composition and heat treatment for example by hard facing technologies.


This work was supported by the Slovak research and Development Agency under the
contract No APVV-0057-07, VEGA 1/0381/08, APVT-20-011004.


[1] Gesellschaft für Tribologie e.V.: GfT Arbeitsblatt 7: Tribologie - Verschleiß, Reibung,
Definitionen, Begriffe, Prüfung (GfT, Moers 2002), in German
[2] CZICHOS, H., HABIG, K.H. Tribologie-Handbuch; Reibung und Verschleiß, 2nd edn.
(Vieweg, Wiesbaden 2003), in German
[3] KRAGELSKI, J.W. Reibung und Verschleiß (VEB Technik, Berlin 1971), in German
[4] HABIG, K. H. Tribologie. In Dubbel – Taschenbuch für den Maschinenbau, 21st edn.,
ed. by K.-H. Grote, J. Feldhusen (Springer, Berlin, Heidelberg 2004), in German
[5] BUNN, C.W., HOWELLS, E.R. Structures of Molecules and Crystals of Fluorocarbons,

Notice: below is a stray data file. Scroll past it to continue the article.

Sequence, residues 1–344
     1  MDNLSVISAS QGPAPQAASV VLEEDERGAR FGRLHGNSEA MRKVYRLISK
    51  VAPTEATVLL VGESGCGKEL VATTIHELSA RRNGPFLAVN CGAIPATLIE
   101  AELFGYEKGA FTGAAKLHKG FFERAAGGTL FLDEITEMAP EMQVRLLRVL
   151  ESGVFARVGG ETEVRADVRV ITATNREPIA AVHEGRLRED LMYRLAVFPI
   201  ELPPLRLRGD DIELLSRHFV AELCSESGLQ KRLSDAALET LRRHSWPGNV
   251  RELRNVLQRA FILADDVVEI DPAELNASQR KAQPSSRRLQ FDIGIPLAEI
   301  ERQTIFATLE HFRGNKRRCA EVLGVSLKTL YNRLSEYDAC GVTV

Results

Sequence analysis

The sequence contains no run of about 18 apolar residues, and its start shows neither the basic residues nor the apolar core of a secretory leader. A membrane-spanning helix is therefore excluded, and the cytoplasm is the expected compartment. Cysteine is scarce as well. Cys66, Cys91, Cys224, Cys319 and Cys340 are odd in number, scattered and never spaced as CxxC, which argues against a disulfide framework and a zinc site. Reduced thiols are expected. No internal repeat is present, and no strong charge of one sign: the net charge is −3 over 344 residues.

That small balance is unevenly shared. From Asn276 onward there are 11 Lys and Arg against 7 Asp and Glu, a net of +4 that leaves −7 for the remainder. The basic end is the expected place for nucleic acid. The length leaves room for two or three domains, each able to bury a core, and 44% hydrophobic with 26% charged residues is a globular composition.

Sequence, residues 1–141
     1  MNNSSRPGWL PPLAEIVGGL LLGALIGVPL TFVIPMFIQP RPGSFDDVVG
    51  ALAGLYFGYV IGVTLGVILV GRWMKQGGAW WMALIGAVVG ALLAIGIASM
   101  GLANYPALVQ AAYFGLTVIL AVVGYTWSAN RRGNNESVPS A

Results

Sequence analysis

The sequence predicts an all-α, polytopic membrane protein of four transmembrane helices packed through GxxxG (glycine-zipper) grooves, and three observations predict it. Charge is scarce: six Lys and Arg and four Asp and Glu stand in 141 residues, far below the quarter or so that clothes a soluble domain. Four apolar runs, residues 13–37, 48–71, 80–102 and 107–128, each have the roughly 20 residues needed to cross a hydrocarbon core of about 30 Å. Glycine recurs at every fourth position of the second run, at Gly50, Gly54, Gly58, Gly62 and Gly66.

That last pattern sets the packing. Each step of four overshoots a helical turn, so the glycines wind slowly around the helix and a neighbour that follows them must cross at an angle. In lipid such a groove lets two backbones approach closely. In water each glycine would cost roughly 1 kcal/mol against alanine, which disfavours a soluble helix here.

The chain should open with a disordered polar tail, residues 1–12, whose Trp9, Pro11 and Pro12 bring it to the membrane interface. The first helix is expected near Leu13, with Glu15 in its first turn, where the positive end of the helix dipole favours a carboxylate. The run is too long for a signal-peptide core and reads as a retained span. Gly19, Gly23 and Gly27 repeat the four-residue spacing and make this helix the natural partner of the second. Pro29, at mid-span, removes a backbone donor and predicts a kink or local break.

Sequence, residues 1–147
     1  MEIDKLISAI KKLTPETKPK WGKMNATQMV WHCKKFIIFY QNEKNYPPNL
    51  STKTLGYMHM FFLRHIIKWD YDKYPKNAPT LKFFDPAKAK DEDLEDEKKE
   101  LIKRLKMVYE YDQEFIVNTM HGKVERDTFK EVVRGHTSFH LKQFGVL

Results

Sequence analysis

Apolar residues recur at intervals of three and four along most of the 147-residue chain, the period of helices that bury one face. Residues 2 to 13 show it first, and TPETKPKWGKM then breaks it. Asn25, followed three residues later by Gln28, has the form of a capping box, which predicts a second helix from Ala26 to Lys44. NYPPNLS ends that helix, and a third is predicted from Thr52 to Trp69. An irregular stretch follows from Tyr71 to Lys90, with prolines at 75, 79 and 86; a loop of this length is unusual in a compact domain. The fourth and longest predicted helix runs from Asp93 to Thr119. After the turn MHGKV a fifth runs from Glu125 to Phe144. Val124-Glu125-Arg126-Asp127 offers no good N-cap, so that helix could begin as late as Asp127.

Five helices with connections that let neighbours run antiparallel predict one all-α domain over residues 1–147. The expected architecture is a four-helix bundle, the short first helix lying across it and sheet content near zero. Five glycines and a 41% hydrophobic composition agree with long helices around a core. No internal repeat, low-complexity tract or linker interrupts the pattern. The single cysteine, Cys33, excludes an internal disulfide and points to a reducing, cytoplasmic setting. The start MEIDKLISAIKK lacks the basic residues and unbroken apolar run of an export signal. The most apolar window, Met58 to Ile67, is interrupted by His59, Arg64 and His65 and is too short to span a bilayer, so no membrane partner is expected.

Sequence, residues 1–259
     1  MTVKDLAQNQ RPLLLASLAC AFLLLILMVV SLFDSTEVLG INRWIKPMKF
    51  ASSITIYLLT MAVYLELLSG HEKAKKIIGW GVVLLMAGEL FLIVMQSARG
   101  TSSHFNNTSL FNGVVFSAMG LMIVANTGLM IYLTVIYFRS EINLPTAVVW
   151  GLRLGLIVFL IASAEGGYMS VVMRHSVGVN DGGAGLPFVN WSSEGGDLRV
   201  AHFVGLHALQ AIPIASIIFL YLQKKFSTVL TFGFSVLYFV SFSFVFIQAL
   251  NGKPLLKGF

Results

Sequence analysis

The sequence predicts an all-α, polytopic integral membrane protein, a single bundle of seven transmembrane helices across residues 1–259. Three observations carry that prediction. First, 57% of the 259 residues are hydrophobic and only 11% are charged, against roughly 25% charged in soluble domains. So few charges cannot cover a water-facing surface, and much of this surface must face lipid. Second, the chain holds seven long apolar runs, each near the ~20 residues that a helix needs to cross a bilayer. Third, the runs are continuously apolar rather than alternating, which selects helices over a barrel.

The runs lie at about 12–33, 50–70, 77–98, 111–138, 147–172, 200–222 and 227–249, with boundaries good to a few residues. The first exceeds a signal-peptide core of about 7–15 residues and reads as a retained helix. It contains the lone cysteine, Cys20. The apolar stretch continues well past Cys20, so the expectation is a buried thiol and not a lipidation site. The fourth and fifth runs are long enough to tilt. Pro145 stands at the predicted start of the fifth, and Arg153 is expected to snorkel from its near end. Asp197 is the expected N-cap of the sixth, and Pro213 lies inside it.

Nature, Vol. 174, 1954, pp. 549-551.
[6] POOLEY, C.M., TABOR, D. Friction and Molecular Structure: the Behaviour of some
Thermoplastics, Proc. Roy. Soc., London, Series A, Vol. 329, 1972, pp. 251-274.
[7] BLANCHETT, T.A., KENNEDY, F.E. The Development of Transfer Films in Ultra-
High Molecular Weight Polyethylene/Stainless Steel Oscillatory Sliding, Tribology
Transactions, Vol. 32, 1989, pp. 371-379.
[8] EISS, N.S., WOOD, K.C., HEROLD, J.A., SMYTH, K.A. Model for the Transfer
of Polymer to Rough, Hard Surfaces, Transactions ASME, Journal of Lubrication
Technology, Vol. 101, 1979, pp. 212-219.
[9] WARREN, J. H., EISS, N. S. Depth of Penetration as a Predictor of the Wear of
Polymers on Hard, Rough Surfaces, Transactions ASME, Journal of Lubrication
Technology, Vol. 100, 1978, pp. 92-97.
[10] EISS, N. S., SMYTH, K. A. The Wear of Polymers Sliding on Polymeric Films
Deposited on Rough Surfaces, Transactions ASME, Journal of Lubrication Technology,
Vol. 103, 1981, pp. 266-273.
[11] STACHOWIAK, G. W., BATCHELOR, A. W. Engineering tribology - 3rd ed. p. cm.,
ISBN 0-7506-7836-4, Printed in the United States of America